The unions’ renewed swagger – giving teeth to freedom of association

Wikipedia – Winnipeg General Strike 1919

In 1987, a majority of the Supreme Court of Canada held that “the constitutional guarantee of freedom of association in s. 2(d) of the Canadian Charter of Rights and Freedoms does not include, in the case of a trade union, a guarantee of the right to bargain collectively and the right to strike”: Reference Re Public Service Employee Relations Act (Alta), [1987] 1 SCR 313, per Le Dain J. Then, after testing the waters in some earlier cases, the Supreme Court of Canada reversed this ruling in 2007 in Health Services and Support – Facilities Subsector Bargaining Assn. v. British Columbia, 2007 SCC 27, at para. 86:

“We conclude that the protection of collective bargaining under s. 2(d) of the Charter is consistent with and supportive of the values underlying the Charter and the purposes of the Charter as a whole. Recognizing that workers have the right to bargain collectively as part of their freedom to associate reaffirms the values of dignity, personal autonomy, equality and democracy that are inherent in the Charter.”

While the constitutional status of the right to strike is now in doubt, there is no doubt that the courts, with the Supreme Court of Canada leading the way, are resetting the constitutional balance of power between trade unions on one hand and employer (and especially public sector employers) on the other.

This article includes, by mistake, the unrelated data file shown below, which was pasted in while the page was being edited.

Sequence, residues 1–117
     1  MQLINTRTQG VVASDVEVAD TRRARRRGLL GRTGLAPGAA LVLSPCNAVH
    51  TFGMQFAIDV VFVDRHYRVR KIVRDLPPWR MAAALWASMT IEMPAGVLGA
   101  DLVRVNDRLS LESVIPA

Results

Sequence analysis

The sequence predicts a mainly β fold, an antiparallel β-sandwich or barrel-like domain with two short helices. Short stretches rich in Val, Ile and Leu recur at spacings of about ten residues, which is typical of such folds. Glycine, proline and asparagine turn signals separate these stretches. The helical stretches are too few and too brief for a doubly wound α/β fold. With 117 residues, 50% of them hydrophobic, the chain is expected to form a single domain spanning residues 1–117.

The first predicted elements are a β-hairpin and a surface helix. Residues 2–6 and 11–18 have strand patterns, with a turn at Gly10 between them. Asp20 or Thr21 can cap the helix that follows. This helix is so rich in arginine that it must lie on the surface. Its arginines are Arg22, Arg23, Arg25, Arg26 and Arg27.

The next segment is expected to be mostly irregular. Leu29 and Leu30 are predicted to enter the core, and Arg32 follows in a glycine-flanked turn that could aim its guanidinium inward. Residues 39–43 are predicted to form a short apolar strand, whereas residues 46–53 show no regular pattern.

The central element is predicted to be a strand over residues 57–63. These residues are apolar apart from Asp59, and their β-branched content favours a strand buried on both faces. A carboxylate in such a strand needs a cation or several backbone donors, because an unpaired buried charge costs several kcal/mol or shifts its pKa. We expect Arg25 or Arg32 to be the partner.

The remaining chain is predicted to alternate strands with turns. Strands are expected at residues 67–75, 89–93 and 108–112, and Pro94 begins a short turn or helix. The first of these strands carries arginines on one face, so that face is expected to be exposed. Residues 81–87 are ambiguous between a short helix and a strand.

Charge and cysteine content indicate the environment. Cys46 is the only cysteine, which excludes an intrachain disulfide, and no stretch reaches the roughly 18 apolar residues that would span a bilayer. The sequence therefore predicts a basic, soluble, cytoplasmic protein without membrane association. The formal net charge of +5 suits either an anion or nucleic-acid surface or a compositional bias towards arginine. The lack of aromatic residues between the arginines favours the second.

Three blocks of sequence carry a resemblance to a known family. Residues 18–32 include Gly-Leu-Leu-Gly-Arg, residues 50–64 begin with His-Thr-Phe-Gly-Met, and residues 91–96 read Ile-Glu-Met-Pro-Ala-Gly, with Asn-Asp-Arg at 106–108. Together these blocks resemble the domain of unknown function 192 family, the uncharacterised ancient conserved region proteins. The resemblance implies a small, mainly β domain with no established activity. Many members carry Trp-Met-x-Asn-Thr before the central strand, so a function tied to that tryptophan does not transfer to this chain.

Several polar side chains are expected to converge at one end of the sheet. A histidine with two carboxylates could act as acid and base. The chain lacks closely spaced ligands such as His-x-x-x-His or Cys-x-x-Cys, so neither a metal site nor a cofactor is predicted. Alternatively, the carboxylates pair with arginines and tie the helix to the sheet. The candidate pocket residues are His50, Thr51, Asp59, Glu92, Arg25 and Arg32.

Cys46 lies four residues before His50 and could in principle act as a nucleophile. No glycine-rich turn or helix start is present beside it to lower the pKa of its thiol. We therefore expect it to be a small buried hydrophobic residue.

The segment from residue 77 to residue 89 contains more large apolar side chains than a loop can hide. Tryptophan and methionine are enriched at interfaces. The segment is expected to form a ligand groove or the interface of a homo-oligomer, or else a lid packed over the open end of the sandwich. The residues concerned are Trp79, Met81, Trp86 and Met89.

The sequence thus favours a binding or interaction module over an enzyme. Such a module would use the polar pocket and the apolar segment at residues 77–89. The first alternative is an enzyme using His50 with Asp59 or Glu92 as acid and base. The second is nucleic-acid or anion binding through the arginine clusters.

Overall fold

Continue reading

Don’t cry for me, Argentina… A Tale of Two Countries


Eva Peron – October 17, 1951 – Wikipedia

My wife and I have just returned from a trip to Argentina. It was a way for us to celebrate a milestone anniversary and we thought that we would choose somewhere in the world that would be different from the normal choices. Argentina sounded exotic and distant and so we booked our trip, not really knowing what to expect. Well, it has been an experience.

What has struck me is how many similarities there are between Canada and Argentina and yet, how many profound differences there are. Canada has about 35 million people. Argentina has about 40 million. Canada is a vast country – 4500 km wide. Argentina is the 6th largest country in the world, about 5000 km long. Canada has a northern identity (read Arctic). Argentina shoulders the Antarctic. Canada is blessed with natural resources. So is Argentina. Both are New World countries. Both were the subject of heavy European immigration. Both have strong indigenous populations. Both are federations. Argentina’s written constitution dates from 1853. Canada’s from 1867. With all these shared attributes, one might think that Argentina and Canada might be enjoying a similar fate in the world. But they clearly are not.

Continue reading